Rob Boudon / Foter / CC BY

Horses are every-day miracles.  They let us do the craziest things.  They let us jump on their backs and they carry us all over the place.  They step into boxes on wheels to travel to completely unknown destinations, possibly to never see their friends and family again.  They stand on three legs while we inspect or clean their feet, even though it's in their nature to be ready to run.

Horses stand in paddocks guarded only by fencing that they can clearly push over or jump whenever the mood takes them.  (My brother's pony used to crawl through the fence any time we were late with his dinner and I would find him helping himself to the hay shed.  Otherwise he stayed in his pen.)

They allow us to strap all manner of tack and gizmos on to their bodies.  They cross obstacles and they travel around in circles for hours with no clear idea why we find it so interesting.  Horses try hard for us at competitions even though we are wound up tighter than a cat watching birds through a glass window.

Many a generous horse tolerates beginners learning to ride and bouncing on their sensitive backs.  There are so many horses and ponies all over the world that handle children with care even though a slight jolt would send the kids flying.  (One of the ponies I leased would weave in and out of pylons regardless of what cues his little rider was giving.  He knew the exercise and the kids were beaming with their accomplishment. )

Show horses stand patiently while they are bathed and buffed to a shine.  They let people pull on their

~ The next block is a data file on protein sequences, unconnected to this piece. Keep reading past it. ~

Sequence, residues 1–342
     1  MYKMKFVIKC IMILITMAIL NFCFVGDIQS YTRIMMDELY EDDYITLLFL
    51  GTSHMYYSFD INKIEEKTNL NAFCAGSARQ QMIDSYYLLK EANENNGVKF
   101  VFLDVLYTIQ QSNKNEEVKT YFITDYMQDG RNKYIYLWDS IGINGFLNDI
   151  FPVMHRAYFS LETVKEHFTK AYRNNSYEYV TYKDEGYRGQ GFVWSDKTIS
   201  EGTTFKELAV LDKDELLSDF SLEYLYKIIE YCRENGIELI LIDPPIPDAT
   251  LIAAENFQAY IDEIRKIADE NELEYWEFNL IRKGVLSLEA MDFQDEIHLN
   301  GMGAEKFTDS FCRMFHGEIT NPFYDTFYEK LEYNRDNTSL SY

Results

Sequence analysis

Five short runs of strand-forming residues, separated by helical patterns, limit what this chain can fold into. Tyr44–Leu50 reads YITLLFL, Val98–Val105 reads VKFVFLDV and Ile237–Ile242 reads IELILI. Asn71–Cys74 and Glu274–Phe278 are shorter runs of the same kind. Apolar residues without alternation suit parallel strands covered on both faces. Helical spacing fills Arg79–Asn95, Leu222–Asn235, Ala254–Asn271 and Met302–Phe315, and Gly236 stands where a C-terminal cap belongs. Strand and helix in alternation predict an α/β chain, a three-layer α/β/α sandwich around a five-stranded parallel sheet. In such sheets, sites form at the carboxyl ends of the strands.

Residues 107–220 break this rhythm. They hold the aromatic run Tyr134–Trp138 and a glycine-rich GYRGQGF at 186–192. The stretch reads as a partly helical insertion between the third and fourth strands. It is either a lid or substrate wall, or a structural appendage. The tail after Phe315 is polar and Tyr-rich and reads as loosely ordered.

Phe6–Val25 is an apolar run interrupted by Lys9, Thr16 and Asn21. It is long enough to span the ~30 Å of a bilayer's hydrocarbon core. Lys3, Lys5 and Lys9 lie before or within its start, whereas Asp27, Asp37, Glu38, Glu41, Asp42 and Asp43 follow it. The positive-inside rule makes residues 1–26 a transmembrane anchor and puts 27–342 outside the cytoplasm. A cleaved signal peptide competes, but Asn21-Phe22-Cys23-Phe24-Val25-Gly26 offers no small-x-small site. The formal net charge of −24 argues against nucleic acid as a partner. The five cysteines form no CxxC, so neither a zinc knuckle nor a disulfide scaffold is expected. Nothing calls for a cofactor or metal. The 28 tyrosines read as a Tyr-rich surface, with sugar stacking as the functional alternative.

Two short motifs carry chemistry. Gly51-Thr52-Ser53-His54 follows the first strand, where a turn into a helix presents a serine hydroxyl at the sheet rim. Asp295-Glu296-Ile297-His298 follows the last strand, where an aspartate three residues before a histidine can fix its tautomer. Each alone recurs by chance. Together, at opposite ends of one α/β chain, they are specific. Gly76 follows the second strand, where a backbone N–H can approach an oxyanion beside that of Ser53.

Wisconsin Department of Natural Resources / Foter / CC BY-ND

hair and manipulate their manes into tiny braids.  The allow their hooves to be polished and their ears to be clipped.  Yet, if you let those pretty ponies go free, the first thing they do is roll in the dirtiest spot available and rub the braids out on a fence post.

When you are feeling fed up or frustrated with your horse and you're ready to sell, or give him away or pay someone to take him off your hands remember the good things your critter does in his partnership with you and praise him.  There's something he does that's kind and generous.

Focus on the positive and build your relationship from there. You don't need a unicorn!  (If you did have a unicorn and his head got itchy and you weren't paying attention...well we don't want to think about that do we?)

What makes your horse special?  Write it in the comments!



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Photo credit: Rob Boudon / Foter / CC BY

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Comment by Heather Nelson on July 22, 2013 at 10:33am

Thanks Jackie!  You had a very special guy there.  It reminds me of my first horse, Maplestreet.  She was 4 when I got her, straight off the track.  It wasn't an ideal situation for a beginner but she taught me to ride, train and understand horses.  She is still with me and she is 26 years old now and keeps all the other horses grounded and in line.  

Comment by Jackie Cochran on July 22, 2013 at 9:47am

My first horse, Hat Tricks, was an angel from heaven.  He was a 5 year old just gelded Anglo-Arab with just 3 weeks of training when I got him as a elementary level rider.  He taught me how to ride, how to train, how to teach, how to raise kids and how to be a good human being.

I did not need an unicorn, I had Hat Tricks!

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